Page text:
In an interview with Simon Rakoff, General Partner at Fortify.vc, a Mid-Atlantic fund for technology startups and active investors with specializations in cyber security, infrastructure, mobile and enterprise platforms, we have a candid discussion about innovation, the future of technology funding and how the government has helped startups and small businesses.
What is your definition of innovation and why do you think it’s important?
Innovation is about creating new ways to make people’s personal and professional lives better. So there are two pieces to innovation as I see it- the first is novelty and the second is the value it brings. A new technology or service that doesn't improve people’s lives is not innovative by my definition. Real innovation happens when someone sees a problem and comes up with a creative solution to that problem, and the result of that solution is evident in the quality of the lives of the people who use the product or service.
Explain the concept behind Fortify.vc.
Fortify is a seed stage venture fund and accelerator. The concept, simply put, is that very early stage companies need several things to have their best chance at success. Those things include a high quality team, a robust network of advisors and mentors, a supportive peer network and, of course, funding. Fortify brings all of those things together and makes them available to our portfolio companies. The Fortify partners are start-up folks ourselves and so we bring a real world understanding with us to the portfolio companies. We've been in their shoes and have raised capital, developed technology products, built teams, negotiated deals and lived the full spectrum of emotional ups and downs that are part of the start-up process. This shared experience and appreciation for what they are doing allow us to really connect with the portfolio teams and help them in very meaningful ways.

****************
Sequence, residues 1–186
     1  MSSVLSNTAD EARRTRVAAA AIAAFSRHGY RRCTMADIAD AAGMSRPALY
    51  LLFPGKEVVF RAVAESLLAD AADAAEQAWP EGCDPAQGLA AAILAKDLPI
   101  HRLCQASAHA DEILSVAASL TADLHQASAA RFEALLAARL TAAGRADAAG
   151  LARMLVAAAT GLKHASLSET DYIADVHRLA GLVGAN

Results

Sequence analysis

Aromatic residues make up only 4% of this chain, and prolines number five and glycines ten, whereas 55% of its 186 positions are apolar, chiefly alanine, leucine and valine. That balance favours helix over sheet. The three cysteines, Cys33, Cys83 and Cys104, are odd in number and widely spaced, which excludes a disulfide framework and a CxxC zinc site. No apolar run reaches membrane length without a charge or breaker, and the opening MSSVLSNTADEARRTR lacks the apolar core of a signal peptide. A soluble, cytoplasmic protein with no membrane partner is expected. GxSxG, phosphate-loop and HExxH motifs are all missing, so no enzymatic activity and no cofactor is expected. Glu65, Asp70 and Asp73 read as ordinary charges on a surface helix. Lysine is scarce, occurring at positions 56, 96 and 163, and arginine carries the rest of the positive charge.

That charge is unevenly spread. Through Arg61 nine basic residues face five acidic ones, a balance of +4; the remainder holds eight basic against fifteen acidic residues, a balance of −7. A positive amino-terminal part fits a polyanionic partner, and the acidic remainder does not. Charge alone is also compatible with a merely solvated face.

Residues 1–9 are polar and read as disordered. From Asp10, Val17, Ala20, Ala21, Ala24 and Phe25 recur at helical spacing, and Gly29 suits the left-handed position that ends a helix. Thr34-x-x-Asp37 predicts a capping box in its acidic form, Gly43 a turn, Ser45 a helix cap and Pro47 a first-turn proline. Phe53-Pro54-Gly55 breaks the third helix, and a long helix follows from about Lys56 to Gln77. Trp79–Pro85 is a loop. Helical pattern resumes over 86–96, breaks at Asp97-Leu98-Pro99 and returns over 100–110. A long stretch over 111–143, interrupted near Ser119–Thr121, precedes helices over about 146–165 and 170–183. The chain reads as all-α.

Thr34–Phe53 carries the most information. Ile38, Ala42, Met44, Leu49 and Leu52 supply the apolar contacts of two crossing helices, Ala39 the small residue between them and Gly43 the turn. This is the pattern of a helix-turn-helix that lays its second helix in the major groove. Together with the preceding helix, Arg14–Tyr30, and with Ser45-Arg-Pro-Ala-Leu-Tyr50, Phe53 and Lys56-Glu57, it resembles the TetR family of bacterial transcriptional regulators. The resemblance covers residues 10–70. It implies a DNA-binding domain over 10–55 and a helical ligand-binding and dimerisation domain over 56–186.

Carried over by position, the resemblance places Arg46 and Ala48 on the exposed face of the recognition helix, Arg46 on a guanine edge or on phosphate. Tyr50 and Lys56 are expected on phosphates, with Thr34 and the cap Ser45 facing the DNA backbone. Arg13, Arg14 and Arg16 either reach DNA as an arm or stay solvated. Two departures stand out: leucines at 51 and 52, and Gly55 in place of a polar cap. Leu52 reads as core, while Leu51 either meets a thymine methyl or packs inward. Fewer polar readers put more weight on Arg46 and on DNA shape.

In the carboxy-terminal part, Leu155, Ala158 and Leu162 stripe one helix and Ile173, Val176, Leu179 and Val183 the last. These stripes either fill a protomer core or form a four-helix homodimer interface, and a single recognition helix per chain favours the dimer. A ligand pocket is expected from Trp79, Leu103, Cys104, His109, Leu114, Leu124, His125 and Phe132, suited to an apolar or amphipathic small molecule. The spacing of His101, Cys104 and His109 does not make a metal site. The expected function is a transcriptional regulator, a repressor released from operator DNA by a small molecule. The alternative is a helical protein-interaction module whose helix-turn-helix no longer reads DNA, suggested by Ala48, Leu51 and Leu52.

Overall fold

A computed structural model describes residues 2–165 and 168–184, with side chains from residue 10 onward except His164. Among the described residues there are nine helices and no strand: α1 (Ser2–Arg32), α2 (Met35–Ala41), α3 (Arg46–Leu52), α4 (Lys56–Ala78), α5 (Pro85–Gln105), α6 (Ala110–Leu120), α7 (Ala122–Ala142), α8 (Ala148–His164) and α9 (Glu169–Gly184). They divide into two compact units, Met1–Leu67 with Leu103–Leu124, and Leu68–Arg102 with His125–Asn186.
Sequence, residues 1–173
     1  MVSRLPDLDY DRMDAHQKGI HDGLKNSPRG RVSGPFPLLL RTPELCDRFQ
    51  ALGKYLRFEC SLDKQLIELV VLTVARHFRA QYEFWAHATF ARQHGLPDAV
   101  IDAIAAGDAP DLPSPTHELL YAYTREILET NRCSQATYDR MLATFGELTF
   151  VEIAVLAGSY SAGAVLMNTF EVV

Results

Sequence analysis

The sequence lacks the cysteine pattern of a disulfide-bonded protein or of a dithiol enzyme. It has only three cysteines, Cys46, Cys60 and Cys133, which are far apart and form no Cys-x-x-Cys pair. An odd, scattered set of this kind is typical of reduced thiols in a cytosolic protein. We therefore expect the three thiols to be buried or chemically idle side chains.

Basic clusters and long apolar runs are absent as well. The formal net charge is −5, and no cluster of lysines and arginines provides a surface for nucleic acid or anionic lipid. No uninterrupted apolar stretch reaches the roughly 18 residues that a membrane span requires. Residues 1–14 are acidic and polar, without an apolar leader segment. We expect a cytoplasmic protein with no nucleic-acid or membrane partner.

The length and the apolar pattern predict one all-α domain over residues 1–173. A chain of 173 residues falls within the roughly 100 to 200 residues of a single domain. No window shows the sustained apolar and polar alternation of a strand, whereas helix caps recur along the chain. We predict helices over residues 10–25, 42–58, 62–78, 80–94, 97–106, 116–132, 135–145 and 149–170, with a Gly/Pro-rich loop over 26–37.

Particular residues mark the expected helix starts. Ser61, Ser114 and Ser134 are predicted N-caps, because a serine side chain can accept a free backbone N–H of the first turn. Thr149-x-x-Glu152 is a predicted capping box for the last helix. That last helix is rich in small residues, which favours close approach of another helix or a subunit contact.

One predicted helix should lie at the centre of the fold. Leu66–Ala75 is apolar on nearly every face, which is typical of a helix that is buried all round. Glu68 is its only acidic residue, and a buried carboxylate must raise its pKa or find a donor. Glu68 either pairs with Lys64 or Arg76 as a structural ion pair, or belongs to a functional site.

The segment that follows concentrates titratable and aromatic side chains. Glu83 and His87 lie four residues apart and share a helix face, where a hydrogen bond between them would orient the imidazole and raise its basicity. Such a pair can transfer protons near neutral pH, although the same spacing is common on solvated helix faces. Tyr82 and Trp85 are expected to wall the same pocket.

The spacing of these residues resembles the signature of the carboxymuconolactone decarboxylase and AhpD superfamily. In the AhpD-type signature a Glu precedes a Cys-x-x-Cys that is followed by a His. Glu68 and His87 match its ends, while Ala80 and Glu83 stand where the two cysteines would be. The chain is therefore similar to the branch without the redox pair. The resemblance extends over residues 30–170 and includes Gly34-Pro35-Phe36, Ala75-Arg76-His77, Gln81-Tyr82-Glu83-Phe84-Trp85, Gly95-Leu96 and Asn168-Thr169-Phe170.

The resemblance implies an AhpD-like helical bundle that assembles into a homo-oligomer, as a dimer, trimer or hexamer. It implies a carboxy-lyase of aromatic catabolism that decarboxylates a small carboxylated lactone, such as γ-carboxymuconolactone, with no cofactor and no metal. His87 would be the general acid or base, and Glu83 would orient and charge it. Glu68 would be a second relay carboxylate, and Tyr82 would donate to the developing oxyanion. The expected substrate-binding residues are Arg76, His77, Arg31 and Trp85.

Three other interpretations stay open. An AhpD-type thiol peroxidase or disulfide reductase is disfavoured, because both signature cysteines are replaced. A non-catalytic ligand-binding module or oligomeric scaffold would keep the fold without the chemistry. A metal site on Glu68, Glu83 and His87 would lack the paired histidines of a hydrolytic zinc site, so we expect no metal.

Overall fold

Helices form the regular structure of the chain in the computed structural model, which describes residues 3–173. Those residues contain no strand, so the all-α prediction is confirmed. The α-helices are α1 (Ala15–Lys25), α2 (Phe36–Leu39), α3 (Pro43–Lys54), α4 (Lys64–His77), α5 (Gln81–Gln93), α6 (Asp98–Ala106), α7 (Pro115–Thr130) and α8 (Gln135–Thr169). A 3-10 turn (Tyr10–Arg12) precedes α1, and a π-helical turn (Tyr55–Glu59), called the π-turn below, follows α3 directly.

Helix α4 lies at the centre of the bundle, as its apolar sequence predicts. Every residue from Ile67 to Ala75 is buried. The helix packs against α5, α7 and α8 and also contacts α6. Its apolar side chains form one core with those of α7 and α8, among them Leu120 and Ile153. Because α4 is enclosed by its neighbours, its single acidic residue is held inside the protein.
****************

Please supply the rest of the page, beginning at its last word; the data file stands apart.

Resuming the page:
Where do you see the future of technology funding heading in the next 10 years?
There are two really interesting dynamics at work right now. On the demand side the costs to launch certain types of new tech companies have come down precipitously over the last few years thanks to:
1) The proliferation of mobile devices
2) The availability of cloud-based infrastructure services
As a result, early stage companies simply don't need as much capital to achieve real traction as they used to. On the supply side there are fewer US venture funds now then there were five years ago and I suspect that trend may continue. However, angel investors in the US are becoming more active, and crowd funding may shape up as a significant source of early stage funding in the near future- although there are still many questions to answer and issues to work through on crowd funding. My sense is that all of these things will come together and will result in an increased availability of funding for tech companies in the US.
What has been the most challenging aspect of starting up Fortify.vc so far?
Time is really the biggest challenge. We like to spend a lot of time with the companies- being as helpful as we possibly can. Supporting our portfolio companies is the best part of what we do but we also have to make sure we are continually supporting the larger ecosystem, participating in important policy discussions at the local, regional, national and international level and, of course, looking for those next great companies. Balancing these things can be challenging- but it never feels like work.
What has been the most rewarding?
Seeing the portfolio companies grow and develop is what this is all about and there is really nothing more rewarding that that. I've been fortunate enough to be there when one of our companies launches their first product, signs up their first customer and receives an acquisition offer. There's just nothing better than watching them experience the results of working hard with focused purpose.
Do you believe the government should do more to aid small businesses like Fortify.vc? If so, what should they do?
Both the DC city government and the U.S. Federal government are doing an incredible job supporting small business- particularly tech companies. Under Administrator Mills’ leadership, the US Small Business Administration has done a remarkable job making resources available for entrepreneurs and organizations who support them around the country. They've taken significant steps in streamlining the process to identify and tap into a vast array of resources that help make entrepreneurship possible and, as a direct result, create jobs.
Likewise, Mayor Gray and his administration have shown a deep commitment to supporting small businesses in the District. So much so that DC was recently ranked the #1 U.S. city to go if you want to start an emerging technology company.